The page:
I stepped up and somehow squeaked "Yes. I'll help teach."

Which quickly became also helping with directing.

The seat of my pants grew wings and I was flying by them. I can't say that this flight was an expedition of soaring to new heights. My rump bumped along the ground most of the time. And I hit a few posts.

But I did it! With the very generous help and endless, warm encouragement of Melissa and Andrea, as well as Beth, Philip, Georgia and Sarah, I did it! I taught my first classes and said my first directorial words!

I drew from an outline of what Andrea needed taught while she was gone, some of her class exercises, some of Melissa's exercises, and mostly from the training I'd gotten since January. There I was, trying to craft all that I'd learned into something cohesive that would serve these kids in putting on this particular play. It was like playing with a Rubik's Cube made of a thousand precious gems. When a pattern would click into place, a burst of light and flood of understanding about the craft of acting would whoosh in.

Over the seemingly endless and simultaneously split-second-ness of the camp, as an ensemble, we faced many difficult times, including a death in one of the families of our actor's. The kids and faculty were amazing. Hell, we were ALL amazing in the face of the pain, rallying and coming back to do the hard work, supporting each other, keeping it real and somehow finding ways to smile at times in the midst of real life tragedy. Some innocence was lost for all of us, but the show went on.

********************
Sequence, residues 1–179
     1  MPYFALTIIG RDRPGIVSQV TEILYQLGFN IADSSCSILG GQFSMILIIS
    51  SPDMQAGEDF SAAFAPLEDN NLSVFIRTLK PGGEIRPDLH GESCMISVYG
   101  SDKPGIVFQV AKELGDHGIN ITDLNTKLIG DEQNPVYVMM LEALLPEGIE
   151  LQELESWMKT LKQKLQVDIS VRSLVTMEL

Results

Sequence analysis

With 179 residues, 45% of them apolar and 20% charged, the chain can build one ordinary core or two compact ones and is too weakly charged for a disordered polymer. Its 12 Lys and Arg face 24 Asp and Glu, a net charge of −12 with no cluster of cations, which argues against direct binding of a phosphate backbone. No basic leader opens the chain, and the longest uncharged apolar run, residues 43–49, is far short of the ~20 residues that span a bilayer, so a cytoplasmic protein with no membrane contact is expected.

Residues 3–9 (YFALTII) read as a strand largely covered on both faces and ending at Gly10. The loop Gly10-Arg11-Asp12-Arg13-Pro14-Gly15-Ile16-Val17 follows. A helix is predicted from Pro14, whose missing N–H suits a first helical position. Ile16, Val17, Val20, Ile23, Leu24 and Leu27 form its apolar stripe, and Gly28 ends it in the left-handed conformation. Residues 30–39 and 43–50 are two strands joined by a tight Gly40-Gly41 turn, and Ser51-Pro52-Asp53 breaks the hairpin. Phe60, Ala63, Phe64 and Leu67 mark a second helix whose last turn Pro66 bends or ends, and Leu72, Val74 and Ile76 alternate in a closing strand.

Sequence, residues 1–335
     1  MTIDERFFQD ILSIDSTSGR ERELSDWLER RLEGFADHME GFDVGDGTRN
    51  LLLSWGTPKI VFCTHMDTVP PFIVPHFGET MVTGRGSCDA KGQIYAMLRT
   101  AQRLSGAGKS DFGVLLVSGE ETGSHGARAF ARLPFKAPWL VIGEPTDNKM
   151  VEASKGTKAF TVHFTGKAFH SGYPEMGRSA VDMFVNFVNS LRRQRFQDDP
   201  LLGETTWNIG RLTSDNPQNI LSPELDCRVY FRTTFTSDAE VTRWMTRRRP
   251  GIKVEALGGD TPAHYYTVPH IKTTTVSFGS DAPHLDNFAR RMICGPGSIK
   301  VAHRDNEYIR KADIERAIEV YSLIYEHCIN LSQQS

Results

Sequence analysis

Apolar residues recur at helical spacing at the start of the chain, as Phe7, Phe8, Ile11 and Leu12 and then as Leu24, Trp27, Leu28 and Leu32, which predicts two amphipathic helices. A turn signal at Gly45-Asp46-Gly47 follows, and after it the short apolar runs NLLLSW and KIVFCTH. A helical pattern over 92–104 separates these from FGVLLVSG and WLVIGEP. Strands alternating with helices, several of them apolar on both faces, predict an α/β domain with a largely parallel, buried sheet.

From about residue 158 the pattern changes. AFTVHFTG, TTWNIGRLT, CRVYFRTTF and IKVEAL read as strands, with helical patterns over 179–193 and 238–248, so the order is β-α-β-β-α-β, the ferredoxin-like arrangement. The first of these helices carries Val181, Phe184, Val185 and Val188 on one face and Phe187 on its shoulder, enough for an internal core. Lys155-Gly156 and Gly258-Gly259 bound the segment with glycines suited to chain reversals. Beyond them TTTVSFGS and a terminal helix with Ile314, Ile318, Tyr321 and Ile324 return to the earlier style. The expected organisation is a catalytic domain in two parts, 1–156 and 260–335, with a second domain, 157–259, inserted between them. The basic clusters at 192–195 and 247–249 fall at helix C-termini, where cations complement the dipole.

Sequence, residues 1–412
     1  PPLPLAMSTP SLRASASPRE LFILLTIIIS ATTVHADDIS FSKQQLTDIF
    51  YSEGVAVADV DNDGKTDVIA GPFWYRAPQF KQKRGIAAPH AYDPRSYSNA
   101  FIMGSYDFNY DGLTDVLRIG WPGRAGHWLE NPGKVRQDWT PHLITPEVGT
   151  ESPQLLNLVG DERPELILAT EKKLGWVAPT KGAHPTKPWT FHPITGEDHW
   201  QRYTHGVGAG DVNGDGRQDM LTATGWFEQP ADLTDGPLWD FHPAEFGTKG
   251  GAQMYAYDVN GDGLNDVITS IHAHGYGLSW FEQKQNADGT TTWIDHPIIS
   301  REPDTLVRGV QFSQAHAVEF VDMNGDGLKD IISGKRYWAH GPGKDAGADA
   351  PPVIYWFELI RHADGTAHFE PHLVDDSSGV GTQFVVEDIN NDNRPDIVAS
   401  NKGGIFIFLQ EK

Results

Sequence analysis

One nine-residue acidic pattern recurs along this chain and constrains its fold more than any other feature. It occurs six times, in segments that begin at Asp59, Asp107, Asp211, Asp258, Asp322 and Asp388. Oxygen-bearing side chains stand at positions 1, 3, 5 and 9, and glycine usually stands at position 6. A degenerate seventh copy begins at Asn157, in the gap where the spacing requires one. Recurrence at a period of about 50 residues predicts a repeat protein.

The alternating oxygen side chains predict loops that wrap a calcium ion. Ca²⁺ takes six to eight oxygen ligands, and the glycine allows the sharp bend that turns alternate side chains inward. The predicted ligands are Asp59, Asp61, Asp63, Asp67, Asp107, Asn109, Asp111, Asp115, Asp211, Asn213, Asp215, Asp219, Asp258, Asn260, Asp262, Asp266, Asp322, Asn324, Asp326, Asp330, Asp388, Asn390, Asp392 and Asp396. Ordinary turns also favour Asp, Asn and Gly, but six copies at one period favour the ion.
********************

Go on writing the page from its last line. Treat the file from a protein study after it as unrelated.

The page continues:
I had no idea what all this would mean to me personally. Throughout, I was madly trying to choose and memorize my monologues, make all my rehearsal appointments with Simona, and get my beat analysis done in the little cracks of time I had at breaks. I was at school 9am to 10pm each day and at times thinking "Why the hell did I agree to do this? That was so stupid!"

It wasn't stupid, though. Inundating myself with this practice was an incredible opportunity for learning and growth, both personally and professionally.

On the day of the performance, we were all anxiously waiting the audience's arrival. Nicole came to run the box office for us, so I got to run flowers to the actors in the dressing room and express the good wishes from their families. I wish I'd had flowers for every one of them. The expression on their faces when the deliveries came made my heart explode.

I saw one man walking up the road and thought "Oh, another one! Yay!" One step closer and I suddenly recognized him as my husband, Tyler! I couldn't believe he could get out of work to come to the show! I was a beagle puppy, and I couldn't settle down! I was so glad he would get to see what I'd worked so hard to help create.

During the introduction of the play, Andrea and Melissa had me up on stage with them, and gave me credit as a co-director. I just stood their and grinned like an idiot. I was too excited to do anything else. So I stood there like a total dork. I regret nothing. It was awesome.